A few days ago I looked at my How-To of the Day gadget and saw a term that caught my interest: Guerrilla Gardening. Sounds exciting, doesn't it?
But what in the heck is guerrilla gardening?!
Well, it turns out that guerrilla gardening is simply gardening on public or private land that has gone into disrepair. Basically, you're making use of space that's been ignored by the people who are supposed to care for it. Kinda like when people that are homeless temporarily move into an abandoned building. You garden with the knowledge that your space could be dug up or destroyed at any time.
I found the above image through flickr, so I can't take any credit for this great example of guerrilla gardening. Rather, this image was taken from Jean-Luc Henry in Canada. I've also seen examples of people gardening within sewer grates, inside potholes in city streets, and so much more!
This is a great concept for anyone that wants to build a garden, but doesn't have space of their own to do it. Keep in mind though, that doing this is illegal, since the land is owned by someone else. This may be part of the reason that many guerrilla gardeners do their plant care and sowing at night.
There are even things called 'seed bombs' that have been designed to enable gardeners to plant in hard to work areas, or in areas that they may fear being at for a particularly long time. Wow! Seed bombs are just what they sound like: small balls that carry seeds and growth materials that 'explode' at a time that will enable the seeds to take root. No, there's no fire or scary limb-threatening explosion, so you don't need to worry about that. Don't let your imagination take you too far! Seed bombs can be made at home, or even bought online. Brilliant, if you ask me!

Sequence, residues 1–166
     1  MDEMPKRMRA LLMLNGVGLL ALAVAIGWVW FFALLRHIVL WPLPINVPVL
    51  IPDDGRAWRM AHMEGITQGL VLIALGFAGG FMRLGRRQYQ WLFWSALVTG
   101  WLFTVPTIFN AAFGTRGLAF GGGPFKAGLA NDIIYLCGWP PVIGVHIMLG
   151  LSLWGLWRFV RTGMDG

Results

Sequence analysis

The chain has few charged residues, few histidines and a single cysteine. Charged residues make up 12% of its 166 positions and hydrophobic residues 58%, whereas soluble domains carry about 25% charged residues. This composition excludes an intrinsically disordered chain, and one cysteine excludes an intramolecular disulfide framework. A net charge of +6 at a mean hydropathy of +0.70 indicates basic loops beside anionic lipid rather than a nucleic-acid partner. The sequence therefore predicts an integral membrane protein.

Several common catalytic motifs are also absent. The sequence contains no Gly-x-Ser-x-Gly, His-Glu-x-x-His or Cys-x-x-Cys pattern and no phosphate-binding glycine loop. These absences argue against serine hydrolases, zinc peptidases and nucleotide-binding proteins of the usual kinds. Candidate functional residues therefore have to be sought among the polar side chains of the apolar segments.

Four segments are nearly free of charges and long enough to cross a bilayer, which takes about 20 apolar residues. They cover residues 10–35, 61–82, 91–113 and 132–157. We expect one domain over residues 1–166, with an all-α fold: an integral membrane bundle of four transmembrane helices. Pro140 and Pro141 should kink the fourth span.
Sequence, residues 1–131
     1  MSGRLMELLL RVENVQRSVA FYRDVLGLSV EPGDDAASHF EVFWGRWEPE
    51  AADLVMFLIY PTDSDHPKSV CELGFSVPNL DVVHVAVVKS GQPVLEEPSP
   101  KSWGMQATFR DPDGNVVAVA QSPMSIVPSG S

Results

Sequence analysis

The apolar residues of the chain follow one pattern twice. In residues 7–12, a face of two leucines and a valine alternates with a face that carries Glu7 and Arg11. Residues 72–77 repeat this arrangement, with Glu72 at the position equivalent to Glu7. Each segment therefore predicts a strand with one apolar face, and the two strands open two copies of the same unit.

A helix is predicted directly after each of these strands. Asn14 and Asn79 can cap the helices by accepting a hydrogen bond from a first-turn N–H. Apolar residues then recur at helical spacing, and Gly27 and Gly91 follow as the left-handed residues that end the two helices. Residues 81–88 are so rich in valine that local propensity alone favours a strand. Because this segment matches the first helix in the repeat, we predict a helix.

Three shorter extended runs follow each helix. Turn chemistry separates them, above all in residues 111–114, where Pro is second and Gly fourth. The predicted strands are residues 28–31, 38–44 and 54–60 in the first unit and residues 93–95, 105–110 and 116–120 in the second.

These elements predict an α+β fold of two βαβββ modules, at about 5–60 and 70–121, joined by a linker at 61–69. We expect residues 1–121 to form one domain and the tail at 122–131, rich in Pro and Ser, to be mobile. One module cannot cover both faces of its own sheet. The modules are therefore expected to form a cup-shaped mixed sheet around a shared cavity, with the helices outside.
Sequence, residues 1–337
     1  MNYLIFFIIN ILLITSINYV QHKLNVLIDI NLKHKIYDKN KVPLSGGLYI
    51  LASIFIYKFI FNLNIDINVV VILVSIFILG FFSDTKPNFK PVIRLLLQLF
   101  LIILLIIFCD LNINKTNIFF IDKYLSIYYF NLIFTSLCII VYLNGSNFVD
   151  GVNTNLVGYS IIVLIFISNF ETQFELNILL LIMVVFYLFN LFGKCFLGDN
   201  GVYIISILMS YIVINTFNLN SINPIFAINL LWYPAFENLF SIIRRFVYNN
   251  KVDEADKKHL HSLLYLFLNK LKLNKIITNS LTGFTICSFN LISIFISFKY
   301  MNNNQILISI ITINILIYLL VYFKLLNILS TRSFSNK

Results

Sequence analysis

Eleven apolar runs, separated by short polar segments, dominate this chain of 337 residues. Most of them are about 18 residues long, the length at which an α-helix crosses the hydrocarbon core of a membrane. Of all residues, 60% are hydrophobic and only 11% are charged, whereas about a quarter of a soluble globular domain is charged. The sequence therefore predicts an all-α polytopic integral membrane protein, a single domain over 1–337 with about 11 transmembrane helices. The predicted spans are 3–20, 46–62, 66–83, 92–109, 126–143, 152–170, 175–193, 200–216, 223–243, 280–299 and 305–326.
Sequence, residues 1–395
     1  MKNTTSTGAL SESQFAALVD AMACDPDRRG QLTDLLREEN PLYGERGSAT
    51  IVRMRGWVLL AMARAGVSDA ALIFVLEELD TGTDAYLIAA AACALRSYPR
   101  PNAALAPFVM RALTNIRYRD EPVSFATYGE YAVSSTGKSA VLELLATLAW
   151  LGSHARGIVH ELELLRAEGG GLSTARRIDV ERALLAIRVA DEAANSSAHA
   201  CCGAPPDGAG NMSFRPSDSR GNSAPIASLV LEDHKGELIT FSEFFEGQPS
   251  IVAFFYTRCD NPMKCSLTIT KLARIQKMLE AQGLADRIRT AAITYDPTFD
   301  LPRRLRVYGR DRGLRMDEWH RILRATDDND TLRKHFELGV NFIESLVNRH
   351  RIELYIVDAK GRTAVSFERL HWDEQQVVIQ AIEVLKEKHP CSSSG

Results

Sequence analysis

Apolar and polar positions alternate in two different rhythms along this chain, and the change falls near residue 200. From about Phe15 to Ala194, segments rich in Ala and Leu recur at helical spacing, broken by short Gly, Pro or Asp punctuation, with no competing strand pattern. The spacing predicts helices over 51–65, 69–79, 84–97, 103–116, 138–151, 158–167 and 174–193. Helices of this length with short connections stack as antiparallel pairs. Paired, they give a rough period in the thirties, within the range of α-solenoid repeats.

Now, guerrilla gardening can get you into a lot of trouble. It can be seen by public officials as vandalism, for one thing. Just like taggers running in and spray painting a wall, guerrilla gardeners make their own unsanctioned mark on an area with their planting. There is risk involved.
This isn't always the case, however. You can always get permission from a land owner to do this. There are even some guerrilla gardeners that have gotten permission from public officials to plant on public property that's not being used. I have to ask, though, whether it's truly guerrilla gardening if you have permission... that seems to be a bit of an oxymoron.
Guerrilla gardening seems like a beautiful idea, to me. Planting useful flowers or fruits in an area that's otherwise neglected seems like it would not only provide pedestrians with something a little more pleasant to view, but also raise property values, thereby encouraging urban growth in the area. Most people don't like dealing with the weeds that accumulate in and around an abandoned or neglected area, but do like to see something designed with love and care.
So far, I haven't seen anything in the area I'm currently living in that would be conducive to guerrilla gardening (probably because I don't know enough about the area to recognize areas that are overgrown with weeds), but I'll be heading back to my home in the desert southwest in the near future to do some work on my old house, and I have the perfect area in mind! We'll see if I have the chance to do this while I'm there!
Of course, in hindsight, this method probably would have been a great way to fix the hole in my driveway. It wouldn't be considered guerrilla gardening, since it's on the property I'm renting, but I'm sure I could always find a pothole or two in the area... especially since road repair isn't a high priority in my town due to budget concerns.
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